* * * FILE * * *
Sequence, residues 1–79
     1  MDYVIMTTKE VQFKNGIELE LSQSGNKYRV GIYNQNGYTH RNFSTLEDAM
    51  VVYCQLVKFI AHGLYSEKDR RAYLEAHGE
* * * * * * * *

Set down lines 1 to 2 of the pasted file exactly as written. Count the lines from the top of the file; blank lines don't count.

Sequence, residues 1–79
     1  MDYVIMTTKE VQFKNGIELE LSQSGNKYRV GIYNQNGYTH RNFSTLEDAM